Web Law for Nonprofits
Welcome to our web law pages for nonprofit arts organizations. Many nonprofits believe that they are insulated from liability for a host of legal complications. In most cases, this belief is false. Our goal is to provide an overview of the most important cyberspace legal issues, so you can be well informed as you promote your organization online. This isn't an exhaustive treatment of the issues. Instead, we simply offer practical answers to the questions we hear most often.
Please note that these pages are under construction.
Our web law pages are loosely organized in the chronological order of legal matters you might face as you build a new site from scratch of update an existing website.
If your organization is building its first site, this is the place to begin reading about selecting and registering a domain name.
There are thousands of web hosting companies. A good web host can help your organization flourish; a bad one can cost you time and money or, even worse, create an unfavorable first impression to audiences, donors and volunteers. What should you consider when searching for a web hosting provider?
Who is going to design your website? What are the key intellectual property ownership issues? How can a written agreement help prevent common problems that you may encounter while working with a freelancer or website development company? Read more.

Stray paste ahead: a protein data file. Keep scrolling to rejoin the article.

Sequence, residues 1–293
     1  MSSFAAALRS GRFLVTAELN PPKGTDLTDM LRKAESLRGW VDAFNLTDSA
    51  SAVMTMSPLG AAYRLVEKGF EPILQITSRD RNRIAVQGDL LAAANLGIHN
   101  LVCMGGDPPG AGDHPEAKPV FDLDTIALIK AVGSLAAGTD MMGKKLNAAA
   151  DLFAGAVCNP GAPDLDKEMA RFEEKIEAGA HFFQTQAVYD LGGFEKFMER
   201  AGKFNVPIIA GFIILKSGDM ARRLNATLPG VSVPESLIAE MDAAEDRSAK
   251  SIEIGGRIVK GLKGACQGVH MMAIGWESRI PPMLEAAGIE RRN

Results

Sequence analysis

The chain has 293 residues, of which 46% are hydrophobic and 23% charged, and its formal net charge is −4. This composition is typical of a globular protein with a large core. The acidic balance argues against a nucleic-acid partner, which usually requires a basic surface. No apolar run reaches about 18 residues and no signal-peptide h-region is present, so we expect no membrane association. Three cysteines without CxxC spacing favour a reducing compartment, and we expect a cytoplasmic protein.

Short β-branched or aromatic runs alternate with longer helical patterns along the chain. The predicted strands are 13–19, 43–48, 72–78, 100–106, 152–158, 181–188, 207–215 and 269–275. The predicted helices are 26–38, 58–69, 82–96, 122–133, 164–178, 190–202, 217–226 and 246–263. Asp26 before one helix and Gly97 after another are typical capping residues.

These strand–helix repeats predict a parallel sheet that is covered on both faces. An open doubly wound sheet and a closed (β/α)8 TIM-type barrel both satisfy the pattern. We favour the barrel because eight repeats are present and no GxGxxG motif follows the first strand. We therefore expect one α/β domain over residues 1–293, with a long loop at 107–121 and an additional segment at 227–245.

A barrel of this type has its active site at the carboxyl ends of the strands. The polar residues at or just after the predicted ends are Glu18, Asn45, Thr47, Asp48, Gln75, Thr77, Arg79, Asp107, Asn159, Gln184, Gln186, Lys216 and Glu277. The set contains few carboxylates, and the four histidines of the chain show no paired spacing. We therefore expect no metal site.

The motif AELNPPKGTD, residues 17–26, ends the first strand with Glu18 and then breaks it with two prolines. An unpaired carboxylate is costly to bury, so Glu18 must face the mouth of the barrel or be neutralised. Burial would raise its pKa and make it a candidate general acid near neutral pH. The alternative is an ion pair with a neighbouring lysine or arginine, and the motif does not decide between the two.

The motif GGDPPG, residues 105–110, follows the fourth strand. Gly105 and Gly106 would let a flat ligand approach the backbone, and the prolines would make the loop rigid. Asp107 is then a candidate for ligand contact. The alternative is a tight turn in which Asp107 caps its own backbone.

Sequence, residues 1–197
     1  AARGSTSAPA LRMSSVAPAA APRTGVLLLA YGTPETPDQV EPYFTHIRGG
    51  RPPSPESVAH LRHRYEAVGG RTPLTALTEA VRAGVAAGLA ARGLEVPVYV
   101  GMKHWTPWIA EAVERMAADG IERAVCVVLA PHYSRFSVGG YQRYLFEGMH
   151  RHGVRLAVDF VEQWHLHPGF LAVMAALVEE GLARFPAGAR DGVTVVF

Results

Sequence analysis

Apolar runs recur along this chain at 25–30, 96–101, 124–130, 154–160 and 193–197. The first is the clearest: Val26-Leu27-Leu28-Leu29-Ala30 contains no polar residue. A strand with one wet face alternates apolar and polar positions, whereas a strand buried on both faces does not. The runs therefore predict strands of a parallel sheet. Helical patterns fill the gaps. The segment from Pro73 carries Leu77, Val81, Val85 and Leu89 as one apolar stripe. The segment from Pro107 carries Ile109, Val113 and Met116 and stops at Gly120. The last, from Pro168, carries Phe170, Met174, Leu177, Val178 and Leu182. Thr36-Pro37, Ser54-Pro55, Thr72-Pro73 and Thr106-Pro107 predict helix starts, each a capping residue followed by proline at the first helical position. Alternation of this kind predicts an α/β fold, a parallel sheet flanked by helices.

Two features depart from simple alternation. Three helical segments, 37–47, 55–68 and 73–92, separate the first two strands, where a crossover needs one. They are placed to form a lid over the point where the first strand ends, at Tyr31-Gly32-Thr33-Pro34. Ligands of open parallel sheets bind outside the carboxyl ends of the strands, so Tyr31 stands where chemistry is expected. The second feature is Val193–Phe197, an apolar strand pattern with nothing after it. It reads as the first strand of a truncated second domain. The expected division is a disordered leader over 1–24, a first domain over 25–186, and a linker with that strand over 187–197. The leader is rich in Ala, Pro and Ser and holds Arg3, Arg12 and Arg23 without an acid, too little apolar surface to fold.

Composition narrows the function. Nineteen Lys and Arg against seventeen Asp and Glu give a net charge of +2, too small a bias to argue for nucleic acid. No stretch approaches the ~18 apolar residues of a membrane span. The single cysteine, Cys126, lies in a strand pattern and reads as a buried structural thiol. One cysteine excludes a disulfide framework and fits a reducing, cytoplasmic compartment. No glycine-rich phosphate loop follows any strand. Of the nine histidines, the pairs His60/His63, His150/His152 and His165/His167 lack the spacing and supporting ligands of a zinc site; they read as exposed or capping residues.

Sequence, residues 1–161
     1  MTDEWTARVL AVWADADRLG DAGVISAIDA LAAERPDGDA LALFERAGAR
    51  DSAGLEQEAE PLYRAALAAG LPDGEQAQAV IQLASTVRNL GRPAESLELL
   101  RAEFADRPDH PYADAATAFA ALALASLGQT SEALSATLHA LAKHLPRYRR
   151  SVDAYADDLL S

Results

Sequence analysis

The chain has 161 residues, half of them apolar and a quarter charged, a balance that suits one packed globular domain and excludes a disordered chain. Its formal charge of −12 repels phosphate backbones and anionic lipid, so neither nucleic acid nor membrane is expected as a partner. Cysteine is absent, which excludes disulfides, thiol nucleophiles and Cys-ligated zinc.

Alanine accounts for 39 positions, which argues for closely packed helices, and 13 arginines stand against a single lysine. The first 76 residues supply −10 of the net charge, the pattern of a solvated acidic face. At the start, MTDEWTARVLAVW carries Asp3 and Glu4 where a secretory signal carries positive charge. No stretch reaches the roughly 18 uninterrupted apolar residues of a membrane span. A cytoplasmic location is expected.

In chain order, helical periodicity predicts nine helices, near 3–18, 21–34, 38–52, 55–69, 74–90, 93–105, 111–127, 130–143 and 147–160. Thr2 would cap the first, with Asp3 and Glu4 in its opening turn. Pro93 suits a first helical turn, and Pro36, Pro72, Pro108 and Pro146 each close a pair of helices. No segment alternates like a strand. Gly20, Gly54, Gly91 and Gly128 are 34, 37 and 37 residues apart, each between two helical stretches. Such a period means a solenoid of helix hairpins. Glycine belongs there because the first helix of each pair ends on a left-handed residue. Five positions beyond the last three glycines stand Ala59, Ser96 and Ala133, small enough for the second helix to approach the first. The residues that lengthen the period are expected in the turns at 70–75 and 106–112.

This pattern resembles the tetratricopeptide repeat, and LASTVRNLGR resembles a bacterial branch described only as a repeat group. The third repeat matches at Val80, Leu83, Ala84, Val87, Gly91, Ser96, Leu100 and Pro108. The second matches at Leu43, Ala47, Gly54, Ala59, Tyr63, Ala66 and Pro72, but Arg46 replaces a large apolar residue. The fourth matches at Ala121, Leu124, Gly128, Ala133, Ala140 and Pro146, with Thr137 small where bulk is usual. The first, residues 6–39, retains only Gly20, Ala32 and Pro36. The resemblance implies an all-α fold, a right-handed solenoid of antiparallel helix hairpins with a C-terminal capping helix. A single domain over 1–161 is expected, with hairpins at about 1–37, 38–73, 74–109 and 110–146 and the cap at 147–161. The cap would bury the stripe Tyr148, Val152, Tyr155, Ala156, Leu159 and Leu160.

You’ve chosen a domain name, registered it, found a host for your website and have a developer on stand-by. Now it’s time for content: text, images, requests for donations, links to other sites and more. This section addresses preliminary planning steps; copyright, including permissions; the rights of publicity and privacy; considerations related to children; “adult” content; third party content; trademark; protecting images and copyright registration; and age appropriate content.
While there is no law that requires nonprofits or other businesses to apply the principles of the Americans with Disabilities Act to website design, making your site accessible to people with disabilities (an estimated 48 million Americans are disabled) can increase traffic and send a positive message to the public. Read more.
Increasing numbers of donors are using the Internet to make their charitable gifts. What laws apply?
Are you accepting online payments for tickets or merchandise? There are a number of important considerations related to keeping the process safe.
Tax-exempt organizations need to be aware of how the IRS distinguishes sponsorship acknowledgments from advertising. The latter may be subject to Unrelated Business Income Tax (UBIT). Like many tax issues, the lines can be a bit gray but here are some basics principles.
Political and Lobbying Activities
The Internet has become one of the most powerful mediums for political activity but the IRS imposes a strict ban on election-related activity by tax-exempt organizations and some limits on lobbying. What are the web- and social media-related concerns? Read more.
These pages were conceived, researched and written by Brent Harrison, 2011 J.D. candidate, Washington University School of Law, with guidance from Attorney Zachary Hammerman. VLAA Executive Director Sue Greenberg contributed some content.